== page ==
“Our options at this point are either: to issue a high volume of costly tickets; to accept increasingly higher numbers of COVID-19 in Ontario as we have seen since May 10; or to put up a fence.”

Public beaches across Ontario are currently closed following the provinces Emergency orders.

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16 comments to When public refuses to follow the rules on use of the beach city puts up metal screens.

  • Bonnie

    Tom, thank you for your comments. You have put my thoughts into words.

  • Tom Muir

    All this complaining about the restrictions, lock-downs, and other so-called “nanny” controls, especially the complete and know-it-all rant from Maggie, who is advocating complete anarchy, violence even, where anything people want to do goes, and others here expressing similar opinions and complaints, is dismaying to me I am afraid.

    These public health measures are unfortunate, but they are necessary to protect the public health, the health care system, and the economy from the otherwise out of control spread of this virus that we risk if we use half-baked and apparently uninformed and naive opinion-based policies without evidence-based reasoning.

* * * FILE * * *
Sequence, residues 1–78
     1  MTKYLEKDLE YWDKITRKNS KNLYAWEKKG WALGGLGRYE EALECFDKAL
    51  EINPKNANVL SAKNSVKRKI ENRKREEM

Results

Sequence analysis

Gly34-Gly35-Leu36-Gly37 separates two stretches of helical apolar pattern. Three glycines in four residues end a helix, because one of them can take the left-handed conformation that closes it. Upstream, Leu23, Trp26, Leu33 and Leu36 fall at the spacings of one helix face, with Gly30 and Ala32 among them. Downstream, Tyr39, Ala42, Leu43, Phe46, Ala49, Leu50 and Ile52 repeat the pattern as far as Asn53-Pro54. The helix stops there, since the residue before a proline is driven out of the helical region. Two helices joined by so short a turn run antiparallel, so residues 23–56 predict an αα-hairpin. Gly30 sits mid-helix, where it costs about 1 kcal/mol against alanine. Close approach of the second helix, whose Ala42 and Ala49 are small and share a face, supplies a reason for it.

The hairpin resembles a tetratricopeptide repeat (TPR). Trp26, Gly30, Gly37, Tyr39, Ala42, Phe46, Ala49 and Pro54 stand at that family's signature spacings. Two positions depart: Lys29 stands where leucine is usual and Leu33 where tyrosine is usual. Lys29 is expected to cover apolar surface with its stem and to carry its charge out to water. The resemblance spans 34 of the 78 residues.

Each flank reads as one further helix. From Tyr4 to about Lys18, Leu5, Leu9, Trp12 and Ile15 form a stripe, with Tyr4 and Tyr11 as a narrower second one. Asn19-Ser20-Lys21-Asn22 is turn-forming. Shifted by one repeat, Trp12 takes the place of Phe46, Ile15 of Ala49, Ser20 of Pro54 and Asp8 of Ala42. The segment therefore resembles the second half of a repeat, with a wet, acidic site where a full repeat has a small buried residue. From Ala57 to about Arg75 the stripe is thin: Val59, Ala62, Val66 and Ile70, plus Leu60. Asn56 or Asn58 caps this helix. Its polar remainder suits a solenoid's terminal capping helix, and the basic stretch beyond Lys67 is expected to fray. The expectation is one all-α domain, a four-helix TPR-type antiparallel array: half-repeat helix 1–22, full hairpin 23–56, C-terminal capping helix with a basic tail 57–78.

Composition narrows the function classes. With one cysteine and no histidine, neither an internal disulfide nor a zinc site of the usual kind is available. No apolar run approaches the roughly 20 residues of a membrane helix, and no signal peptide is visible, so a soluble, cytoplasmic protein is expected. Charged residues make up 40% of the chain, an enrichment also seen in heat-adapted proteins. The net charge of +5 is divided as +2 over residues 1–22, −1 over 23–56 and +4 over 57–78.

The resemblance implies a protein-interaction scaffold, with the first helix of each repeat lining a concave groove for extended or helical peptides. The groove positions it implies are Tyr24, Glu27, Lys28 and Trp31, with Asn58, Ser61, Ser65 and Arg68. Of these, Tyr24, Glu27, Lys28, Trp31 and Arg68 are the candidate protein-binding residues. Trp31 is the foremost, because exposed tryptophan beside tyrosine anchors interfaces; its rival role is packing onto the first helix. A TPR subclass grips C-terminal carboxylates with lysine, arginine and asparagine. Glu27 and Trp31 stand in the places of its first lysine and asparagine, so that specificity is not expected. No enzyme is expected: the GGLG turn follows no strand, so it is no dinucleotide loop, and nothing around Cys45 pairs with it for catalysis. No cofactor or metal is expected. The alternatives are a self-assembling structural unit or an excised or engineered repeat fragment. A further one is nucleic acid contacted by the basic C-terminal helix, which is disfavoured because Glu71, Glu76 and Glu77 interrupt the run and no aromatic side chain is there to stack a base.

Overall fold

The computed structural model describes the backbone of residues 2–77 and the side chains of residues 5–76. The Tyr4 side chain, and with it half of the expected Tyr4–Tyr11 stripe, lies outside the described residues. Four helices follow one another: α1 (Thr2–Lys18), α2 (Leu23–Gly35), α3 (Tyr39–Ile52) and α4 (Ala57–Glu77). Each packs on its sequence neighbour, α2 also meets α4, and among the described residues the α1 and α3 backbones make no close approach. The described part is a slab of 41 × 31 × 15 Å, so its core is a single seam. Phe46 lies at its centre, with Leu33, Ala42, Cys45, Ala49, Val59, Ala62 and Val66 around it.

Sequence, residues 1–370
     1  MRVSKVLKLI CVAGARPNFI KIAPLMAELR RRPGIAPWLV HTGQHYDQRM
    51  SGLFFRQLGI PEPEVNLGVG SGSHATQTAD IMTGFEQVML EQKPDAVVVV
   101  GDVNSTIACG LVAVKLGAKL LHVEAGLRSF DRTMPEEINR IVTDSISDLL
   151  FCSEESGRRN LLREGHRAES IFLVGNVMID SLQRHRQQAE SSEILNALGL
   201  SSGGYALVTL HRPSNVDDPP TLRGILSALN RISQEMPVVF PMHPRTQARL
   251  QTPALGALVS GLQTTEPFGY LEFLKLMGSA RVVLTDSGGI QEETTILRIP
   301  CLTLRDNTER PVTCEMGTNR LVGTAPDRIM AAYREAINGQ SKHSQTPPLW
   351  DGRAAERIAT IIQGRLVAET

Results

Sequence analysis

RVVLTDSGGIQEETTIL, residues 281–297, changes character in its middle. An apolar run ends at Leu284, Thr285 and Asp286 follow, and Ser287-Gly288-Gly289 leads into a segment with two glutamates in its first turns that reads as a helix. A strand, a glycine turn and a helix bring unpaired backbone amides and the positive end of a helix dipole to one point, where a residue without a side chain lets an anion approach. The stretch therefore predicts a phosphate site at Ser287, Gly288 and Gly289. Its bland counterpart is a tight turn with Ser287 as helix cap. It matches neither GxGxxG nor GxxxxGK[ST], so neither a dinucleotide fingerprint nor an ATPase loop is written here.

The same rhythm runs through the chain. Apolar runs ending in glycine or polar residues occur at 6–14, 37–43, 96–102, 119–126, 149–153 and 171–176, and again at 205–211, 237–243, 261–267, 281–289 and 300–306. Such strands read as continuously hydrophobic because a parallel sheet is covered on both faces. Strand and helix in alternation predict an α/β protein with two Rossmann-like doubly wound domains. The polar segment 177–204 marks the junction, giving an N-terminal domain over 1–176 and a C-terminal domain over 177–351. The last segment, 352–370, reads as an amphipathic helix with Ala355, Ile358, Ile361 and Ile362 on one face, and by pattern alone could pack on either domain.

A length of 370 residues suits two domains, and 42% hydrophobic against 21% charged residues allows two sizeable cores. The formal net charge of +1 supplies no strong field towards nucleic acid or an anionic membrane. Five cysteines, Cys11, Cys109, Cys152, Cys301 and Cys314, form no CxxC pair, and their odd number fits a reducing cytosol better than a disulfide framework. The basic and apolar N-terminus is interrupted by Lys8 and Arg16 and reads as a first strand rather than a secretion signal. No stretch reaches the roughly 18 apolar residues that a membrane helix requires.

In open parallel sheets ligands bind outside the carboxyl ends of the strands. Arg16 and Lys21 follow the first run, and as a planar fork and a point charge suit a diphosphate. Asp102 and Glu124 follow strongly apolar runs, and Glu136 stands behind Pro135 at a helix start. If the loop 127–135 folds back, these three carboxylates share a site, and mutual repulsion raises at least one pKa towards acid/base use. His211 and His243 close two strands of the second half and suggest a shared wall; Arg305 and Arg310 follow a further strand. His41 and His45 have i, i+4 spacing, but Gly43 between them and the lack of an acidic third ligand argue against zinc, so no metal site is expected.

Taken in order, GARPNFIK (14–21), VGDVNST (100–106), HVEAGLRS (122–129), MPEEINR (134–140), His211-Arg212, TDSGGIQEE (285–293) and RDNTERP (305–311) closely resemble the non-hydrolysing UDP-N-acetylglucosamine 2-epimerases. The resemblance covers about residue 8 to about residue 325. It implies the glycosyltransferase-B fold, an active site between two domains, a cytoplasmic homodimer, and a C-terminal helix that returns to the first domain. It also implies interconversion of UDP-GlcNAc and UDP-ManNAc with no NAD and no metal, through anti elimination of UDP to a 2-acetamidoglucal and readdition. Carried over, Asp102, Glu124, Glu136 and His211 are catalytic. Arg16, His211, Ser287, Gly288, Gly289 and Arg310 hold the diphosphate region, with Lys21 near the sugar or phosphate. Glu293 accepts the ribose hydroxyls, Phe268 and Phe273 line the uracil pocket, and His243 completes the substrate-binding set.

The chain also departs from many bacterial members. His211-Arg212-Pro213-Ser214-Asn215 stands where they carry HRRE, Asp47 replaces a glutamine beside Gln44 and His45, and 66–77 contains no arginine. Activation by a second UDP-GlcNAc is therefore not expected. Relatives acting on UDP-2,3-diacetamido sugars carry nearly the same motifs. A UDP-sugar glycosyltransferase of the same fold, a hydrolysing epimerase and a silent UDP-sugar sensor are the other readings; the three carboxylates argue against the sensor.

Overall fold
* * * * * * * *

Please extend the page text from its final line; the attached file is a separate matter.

Controlling and containing this virus is a necessary condition for any of our society – health, health care, and economy – to function freely, and to allow us to figure out a COVID19-adapted life.

    Burlington is not an island. Just opening things up without consideration of the epidemiological parameters and variability of how this virus lives and operates, will mean that we go back to unrestricted people movement from everywhere to anywhere.

    We do not want to do that, and our policy interventions are based on an understanding of that. So please give the Mayor and all the other politicians a break – they don’t like it either. People need to look outside, to the rest of the world, to see what can happen.